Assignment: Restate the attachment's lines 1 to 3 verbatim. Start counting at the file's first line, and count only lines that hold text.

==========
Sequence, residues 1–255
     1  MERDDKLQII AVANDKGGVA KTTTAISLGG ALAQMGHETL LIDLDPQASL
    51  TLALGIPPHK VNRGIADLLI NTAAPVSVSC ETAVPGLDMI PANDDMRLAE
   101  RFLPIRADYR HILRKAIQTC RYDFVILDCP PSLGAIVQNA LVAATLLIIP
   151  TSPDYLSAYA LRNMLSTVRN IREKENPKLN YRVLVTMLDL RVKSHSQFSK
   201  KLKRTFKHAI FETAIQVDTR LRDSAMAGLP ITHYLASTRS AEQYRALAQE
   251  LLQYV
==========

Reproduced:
Sequence, residues 1–255
     1  MERDDKLQII AVANDKGGVA KTTTAISLGG ALAQMGHETL LIDLDPQASL
    51  TLALGIPPHK VNRGIADLLI NTAAPVSVSC ETAVPGLDMI PANDDMRLAE